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Department of Transportation Releases Technical Analysis of Truck Sizes, Weights

American Government Special Collections Reference Desk

Trucking American Government

Department of Transportation Releases Technical Analysis of Truck Sizes, Weights

U.S. Department of Transportation
December 30, 1998

Wednesday, December 30, 1998
Contact: Bill Adams
Tel.: 202-366-5580
DOT 230-98

Fulfilling a commitment to Congress made when he was Federal Highway Administrator, U.S. Transportation Secretary Rodney E. Slater today announced the release of the draft Volume III of the Comprehensive Truck Size and Weight Study.

The four volume study is a technical tool to analyze the impacts of various truck sizes and weights.

"This study represents the Department of Transportation’s most extensive examination of truck size and weight impacts since the early 1980's," said Secretary Slater. "When complete, the report will provide federal, state and local officials with an essential tool to make thoughtful analyses regarding truck sizes and weights."

In a letter to Congress accompanying the draft version of Volume III, Slater stressed the need to assess truck size and weight limits in the context of the department’s highest priority, safety. Should congressional policy makers propose any change to the size and weight of trucks, Slater said, it "should enhance, not diminish, overall safety." Throughout his tenure as Secretary, Slater has called safety the North Star of the department, and has spearheaded national drives to increase safety in every mode of transportation.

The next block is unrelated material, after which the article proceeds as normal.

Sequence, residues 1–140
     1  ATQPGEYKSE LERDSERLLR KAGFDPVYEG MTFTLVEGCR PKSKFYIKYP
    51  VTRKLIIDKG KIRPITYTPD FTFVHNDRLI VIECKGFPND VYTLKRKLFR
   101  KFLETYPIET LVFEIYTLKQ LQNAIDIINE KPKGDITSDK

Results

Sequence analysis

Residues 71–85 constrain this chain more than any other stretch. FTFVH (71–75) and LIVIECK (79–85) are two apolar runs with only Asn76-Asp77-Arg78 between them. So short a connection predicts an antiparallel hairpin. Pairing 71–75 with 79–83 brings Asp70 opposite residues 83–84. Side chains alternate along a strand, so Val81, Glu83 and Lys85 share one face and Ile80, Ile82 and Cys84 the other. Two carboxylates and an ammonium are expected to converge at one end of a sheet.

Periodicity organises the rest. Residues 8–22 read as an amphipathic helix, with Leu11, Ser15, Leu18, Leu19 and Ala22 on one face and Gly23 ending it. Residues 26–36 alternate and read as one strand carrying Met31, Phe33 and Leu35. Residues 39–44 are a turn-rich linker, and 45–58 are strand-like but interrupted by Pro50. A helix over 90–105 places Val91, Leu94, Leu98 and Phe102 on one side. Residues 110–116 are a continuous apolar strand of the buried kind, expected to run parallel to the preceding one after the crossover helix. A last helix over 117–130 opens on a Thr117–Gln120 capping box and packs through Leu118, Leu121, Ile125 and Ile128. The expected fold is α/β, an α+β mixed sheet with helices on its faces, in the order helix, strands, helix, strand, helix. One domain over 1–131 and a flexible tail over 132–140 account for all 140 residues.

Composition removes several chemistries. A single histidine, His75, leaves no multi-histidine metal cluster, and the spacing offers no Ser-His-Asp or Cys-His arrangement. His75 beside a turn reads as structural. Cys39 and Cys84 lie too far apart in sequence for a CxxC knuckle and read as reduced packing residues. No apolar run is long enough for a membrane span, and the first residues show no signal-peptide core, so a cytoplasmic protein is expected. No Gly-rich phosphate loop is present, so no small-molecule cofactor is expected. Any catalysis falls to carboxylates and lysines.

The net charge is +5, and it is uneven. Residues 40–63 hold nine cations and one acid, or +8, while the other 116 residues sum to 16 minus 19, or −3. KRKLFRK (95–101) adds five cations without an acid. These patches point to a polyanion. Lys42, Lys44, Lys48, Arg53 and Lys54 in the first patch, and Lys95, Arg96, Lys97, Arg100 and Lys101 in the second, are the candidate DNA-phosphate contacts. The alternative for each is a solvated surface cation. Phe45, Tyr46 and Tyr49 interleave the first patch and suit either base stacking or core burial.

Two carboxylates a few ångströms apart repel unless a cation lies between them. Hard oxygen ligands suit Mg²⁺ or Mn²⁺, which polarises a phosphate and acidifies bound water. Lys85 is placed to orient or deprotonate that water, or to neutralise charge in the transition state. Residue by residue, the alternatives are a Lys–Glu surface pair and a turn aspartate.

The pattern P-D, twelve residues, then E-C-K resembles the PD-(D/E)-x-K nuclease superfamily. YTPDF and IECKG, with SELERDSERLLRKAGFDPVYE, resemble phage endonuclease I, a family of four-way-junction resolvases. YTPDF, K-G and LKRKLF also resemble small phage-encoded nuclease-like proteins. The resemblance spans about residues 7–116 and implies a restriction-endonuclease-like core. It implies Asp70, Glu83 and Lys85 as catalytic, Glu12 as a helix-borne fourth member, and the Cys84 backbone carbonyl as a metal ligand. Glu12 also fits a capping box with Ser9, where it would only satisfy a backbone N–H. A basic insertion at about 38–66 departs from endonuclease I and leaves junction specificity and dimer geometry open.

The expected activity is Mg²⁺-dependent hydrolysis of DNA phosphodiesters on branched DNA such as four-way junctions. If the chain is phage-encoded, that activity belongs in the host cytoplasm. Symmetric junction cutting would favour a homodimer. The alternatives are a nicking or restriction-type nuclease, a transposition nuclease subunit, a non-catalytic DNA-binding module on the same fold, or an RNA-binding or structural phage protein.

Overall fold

The draft volume describes analytical tools designed to evaluate the nation’s truck size and weight regulations, taking into account, safety, the environment, traffic congestion, the economy and infrastructure costs. It makes no recommendations as to whether, or how, truck size and weight policies should be changed. Rather, it demonstrates the study’s methodologies by applying the analytical tools to a set of illustrative policy scenarios. The test scenarios were specifically constructed to identify the maximum range of impacts on the selected criteria.

The complete study will have four volumes: I) Executive Summary; II) Issues and Background; III) Scenario Analysis; and IV) Guide to Documentation. The draft of Volume II was released in June 1997. Comments on both Volume II and Volume III will be incorporated into the final report, expected in Spring 1999.

The distribution of the draft Volume III continues an extensive outreach process that has included public meetings, regional focus sessions, a Federal Register notice seeking public comment, and conferences with local transportation and enforcement officials around the country. The Department of Transportation is also welcoming direct public comment on the draft for the next 60 days. Copies will be available from the Department of Transportation Office of Public Affairs at (202) 366-5580.


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